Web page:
Technology Source

a monthly report on technology

Are you ready for Jan. 1, 2000?

When our computer clocks roll over to the 21st century, we will all be affected in one way or another, unless computer-dependent companies and institutions solve the date 2000 problem now.

The year is often stored in computers as a two-digit number, and therefore, 1999 is stored as 99. Similarly, 2000 will be stored as 00. For the typical computer, a future date is always larger than a past date. Without the century digits, the last day of this millennium will be 12-31-99, and after the stroke of midnight many computers will see Jan. 1, 2000 as 01-01-00, a smaller number than the day before. This type of error will affect any calculation that uses dates with two-digit representation. For example, if you make a payment in 1999 for bills that become due in 2000 and the vendor's software interprets the billing date year "00" as 1900, your payment will appear to be 99 years late.

While the year 2000 problem is associated with large computing systems, it will affect desktop computers as well. Based on the predictions of year 2000 experts, upwards of 80 percent of existing PCs are unreliable. The Basic Input Output System (BIOS) that resides in Read Only Memory (ROM) in more than 90 percent of current PCs will not show the correct date after midnight Dec. 31, 1999. You can test your computer in the following way.

* When you turn your computer on, don't start any network applications.

* Set the date to 31 December 1999.

* Set the time to 23:58 (11:58 P.M.)

* Check that the date and time have been set.

* Switch off the computer and wait five minutes.

* Switch the computer back on.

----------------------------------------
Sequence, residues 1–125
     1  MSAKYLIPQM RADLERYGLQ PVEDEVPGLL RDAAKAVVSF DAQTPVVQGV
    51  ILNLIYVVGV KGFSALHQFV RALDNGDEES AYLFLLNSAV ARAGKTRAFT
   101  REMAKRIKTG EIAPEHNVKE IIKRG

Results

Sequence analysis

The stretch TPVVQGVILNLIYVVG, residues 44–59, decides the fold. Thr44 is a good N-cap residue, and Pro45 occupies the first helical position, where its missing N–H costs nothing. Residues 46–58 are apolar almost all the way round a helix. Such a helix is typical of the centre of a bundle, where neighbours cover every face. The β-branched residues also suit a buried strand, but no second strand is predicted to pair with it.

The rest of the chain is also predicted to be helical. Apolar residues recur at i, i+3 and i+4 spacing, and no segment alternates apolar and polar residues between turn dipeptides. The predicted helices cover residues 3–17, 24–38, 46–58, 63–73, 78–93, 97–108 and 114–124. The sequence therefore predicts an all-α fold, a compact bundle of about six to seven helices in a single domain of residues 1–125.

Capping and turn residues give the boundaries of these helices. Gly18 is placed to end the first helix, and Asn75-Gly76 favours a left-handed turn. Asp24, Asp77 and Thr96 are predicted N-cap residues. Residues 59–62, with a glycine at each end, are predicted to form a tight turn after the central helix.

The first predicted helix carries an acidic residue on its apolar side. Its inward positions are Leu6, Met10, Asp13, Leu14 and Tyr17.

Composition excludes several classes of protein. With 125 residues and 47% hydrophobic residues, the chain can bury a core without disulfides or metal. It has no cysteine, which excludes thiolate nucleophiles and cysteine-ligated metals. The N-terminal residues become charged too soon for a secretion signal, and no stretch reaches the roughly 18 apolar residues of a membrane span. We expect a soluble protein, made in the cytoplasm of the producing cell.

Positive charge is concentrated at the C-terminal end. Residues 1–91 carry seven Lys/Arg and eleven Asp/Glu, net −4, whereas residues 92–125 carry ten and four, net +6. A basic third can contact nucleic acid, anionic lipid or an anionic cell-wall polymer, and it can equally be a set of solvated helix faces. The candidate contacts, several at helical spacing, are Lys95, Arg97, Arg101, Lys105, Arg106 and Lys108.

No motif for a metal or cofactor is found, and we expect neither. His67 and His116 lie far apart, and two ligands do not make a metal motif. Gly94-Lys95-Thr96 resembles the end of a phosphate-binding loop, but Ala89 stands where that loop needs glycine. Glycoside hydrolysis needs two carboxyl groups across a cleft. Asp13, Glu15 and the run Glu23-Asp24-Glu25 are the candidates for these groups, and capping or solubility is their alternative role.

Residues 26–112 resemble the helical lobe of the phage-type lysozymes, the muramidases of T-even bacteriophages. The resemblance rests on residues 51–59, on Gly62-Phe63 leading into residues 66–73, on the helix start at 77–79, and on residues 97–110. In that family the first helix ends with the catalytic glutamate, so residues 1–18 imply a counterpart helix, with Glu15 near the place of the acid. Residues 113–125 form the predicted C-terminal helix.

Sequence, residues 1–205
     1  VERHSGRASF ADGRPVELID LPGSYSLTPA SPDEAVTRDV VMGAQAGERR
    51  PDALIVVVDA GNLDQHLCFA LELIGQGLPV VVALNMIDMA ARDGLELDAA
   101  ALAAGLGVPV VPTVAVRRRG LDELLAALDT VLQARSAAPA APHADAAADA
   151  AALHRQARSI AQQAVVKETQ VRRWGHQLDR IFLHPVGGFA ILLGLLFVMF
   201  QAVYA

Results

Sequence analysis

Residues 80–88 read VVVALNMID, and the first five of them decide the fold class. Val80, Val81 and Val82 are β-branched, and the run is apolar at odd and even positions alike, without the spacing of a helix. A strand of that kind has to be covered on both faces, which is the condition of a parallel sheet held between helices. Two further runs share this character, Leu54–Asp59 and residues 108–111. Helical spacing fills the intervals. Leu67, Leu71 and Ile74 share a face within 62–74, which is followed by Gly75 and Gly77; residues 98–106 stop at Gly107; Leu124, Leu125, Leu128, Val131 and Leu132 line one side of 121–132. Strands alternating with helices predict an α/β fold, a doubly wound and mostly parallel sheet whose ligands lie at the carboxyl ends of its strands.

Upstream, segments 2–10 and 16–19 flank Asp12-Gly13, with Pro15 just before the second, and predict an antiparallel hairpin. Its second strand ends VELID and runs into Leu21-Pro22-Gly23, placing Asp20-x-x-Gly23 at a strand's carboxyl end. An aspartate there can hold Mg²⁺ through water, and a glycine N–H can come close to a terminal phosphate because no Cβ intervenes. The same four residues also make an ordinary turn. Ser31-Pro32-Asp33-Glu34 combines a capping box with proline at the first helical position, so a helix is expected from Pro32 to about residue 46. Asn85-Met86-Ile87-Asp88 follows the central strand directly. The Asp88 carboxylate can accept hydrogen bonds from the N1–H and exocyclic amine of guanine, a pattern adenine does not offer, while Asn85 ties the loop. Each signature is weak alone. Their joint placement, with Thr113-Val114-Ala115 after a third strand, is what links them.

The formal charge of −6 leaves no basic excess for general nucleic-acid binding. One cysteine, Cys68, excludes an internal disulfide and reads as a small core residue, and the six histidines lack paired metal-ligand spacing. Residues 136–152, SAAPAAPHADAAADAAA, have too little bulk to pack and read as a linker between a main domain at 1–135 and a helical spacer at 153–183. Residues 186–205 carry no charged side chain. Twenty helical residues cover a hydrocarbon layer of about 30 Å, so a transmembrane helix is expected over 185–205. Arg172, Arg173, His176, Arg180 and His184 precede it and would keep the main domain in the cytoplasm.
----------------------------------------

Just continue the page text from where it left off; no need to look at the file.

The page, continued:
* Check the date and time. It should be a few minutes after midnight on Jan. 1, 2000. (Important! Once you complete your test, do not forget to reset your PC to the correct date and time.)

In addition to the hardware, client applications such as spreadsheets, databases, accounting packages, day-timers and e-mail programs could be affected, especially if these applications use the PCs date and time. For example, check the contents of the "DATE" field in your e-mail system. If this date shows two-digit years, then your e-mail system is not year 2000 compliant. And your problem is growing. You may be integrating e-mail data to a database that accumulates records based on dates.

At Emory the freshman class will graduate in the year 2000. So we are already dealing with the problem. But there are fewer than 900 working days between now and Jan. 1, 2000, to complete all work that must be done. In the past, if we missed a delivery date, we could continue to use existing applications for a little longer. When the year 2000 arrives, the programs we used on 12/31/99 could be useless. According to Gartner Group, a large computer consulting firm, 90 percent of current applications must be fixed or will be affected by what is popularly called by many names: the century problem, the Date 2000 Problem, the Y2K, or the Millennium TimeBomb. Many systems will crash if they are not corrected before 1999--and many will be affected by unfixed integrated systems. It is predicted that worldwide costs to fix the year 2000 problem will reach $400 billion to $600 billion. As Information Week said, "The cost and hassle of fixing the date change may be sufficient reason to purchase and install client/server software that is 2000 capable."

The change could be managed on your desktop computer if you remember to incorporate the year 2000 problem into your planning. You are probably planning to replace your computer before 2000. Make sure that you ask if your new purchase is 2000 compliant. And be sure that all software installed on that new computer is 2000 capable.

(This is an excerpt of a longer article in the Sept./Oct. issue of "A Publication on Information Technology from Emory University")

The following URLs may provide further information.

Mahbuba Ferdousi is a project specialist in University Information Systems of the Information Technology Division.

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